In class last week, we discussed Herbert Kohl's book, Shall We Burn Babar? In prep for it, I stopped in the local library to grab copies of Babar books. I found one I hadn't seen before... It is titled Babar's World Tour, published in 2005 by Harry N. Abrams, Inc.
"World tour," I thought to myself. What did dear old Babar see?
In the first pages, Babar and his family visit Italy, Germany, Russia, India, Japan, Thailand... where they eat new foods, speak phrases in Italian, etc. At one point, Isabelle notes difference in language and asks "What's wrong with our words?" Celeste explains that "People in different places say things differently. They do things differently, too. They build different kinds of buildings." Note the reference to people, of the present day.
Now, I call your attention to the image I've included with this post. Note, specifically, the text, which I've included below (bold text is mine):
When everyone was rested, they went to Angkor in Cambodia, the ancient city of the Khmers. In Mexico, they climbed a pyramid built by the Aztecs. In both places, the original settlers were gone but tourists abounded.
"Will everyone move out of Celesteville one day, too?" Pom asked.
"Never," said Babar. "But apart from us, it happens a lot, as you'll see."
The "as you'll see" refers to the places they visit next, which are "the cliff houses of the Anasazi in the high desert of the American Southwest, "the Inca Trail, on the same stones that the Incas had walked..." and "... to the remains of the city of Machu Picchu hidden in the Andes Mountains."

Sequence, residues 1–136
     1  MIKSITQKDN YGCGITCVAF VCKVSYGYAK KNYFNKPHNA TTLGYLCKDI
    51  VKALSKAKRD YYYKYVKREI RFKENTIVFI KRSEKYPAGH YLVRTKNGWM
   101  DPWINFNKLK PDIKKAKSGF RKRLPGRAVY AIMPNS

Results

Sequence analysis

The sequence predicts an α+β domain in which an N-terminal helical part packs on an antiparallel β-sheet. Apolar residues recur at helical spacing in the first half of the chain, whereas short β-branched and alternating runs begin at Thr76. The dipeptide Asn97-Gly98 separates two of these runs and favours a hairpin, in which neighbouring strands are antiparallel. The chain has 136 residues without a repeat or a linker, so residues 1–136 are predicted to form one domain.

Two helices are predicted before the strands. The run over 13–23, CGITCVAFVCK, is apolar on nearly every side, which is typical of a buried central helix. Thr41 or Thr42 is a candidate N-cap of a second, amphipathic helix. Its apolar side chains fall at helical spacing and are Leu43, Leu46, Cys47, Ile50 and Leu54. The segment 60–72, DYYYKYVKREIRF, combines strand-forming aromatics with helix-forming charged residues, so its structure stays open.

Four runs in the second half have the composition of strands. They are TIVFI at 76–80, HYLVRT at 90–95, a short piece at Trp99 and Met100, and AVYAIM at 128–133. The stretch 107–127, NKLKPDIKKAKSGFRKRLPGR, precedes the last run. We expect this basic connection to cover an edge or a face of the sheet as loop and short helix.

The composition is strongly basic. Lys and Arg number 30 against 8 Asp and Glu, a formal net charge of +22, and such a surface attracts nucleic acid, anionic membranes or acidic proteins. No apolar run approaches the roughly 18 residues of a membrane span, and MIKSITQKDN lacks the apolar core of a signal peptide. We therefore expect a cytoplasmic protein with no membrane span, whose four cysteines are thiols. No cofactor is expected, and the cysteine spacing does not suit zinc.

How nice for the Babar family and other tourists, that the "original settlers" were gone! How nice that they had, presumably, moved out, leaving these wonderful places for the tourists! And how good it is of Babar to assure Pom that the inhabitants of Celesteville will never move out of Celesteville!
Reviewers of the book failed to note these passages and the messages they impart to the reader. School Library Journal's reviewer finds it lacking because it doesn't have the same adventure and excitement in Jean de Brunhoff's Travels of Babar (which has highly problematic illustrations of "cannibals"). Perhaps if they'd actually come across "savages" (aka "original settlers) she might have given it a favorable review.
The review in Booklist is more favorable: "Though children listening to the story will get only a glimpse or two of each country before moving on to the next, this colorful picture book provides an inkling of the diversity of places and cultures in the world. A pleasant excursion, recommended especially for those who already know and love Babar and his family."
Perhaps, but I wonder about children of all those "original settlers"?!
There is a great deal wrong with this book. It is very useful for a high school or college classroom, but as a read-aloud for young children? No.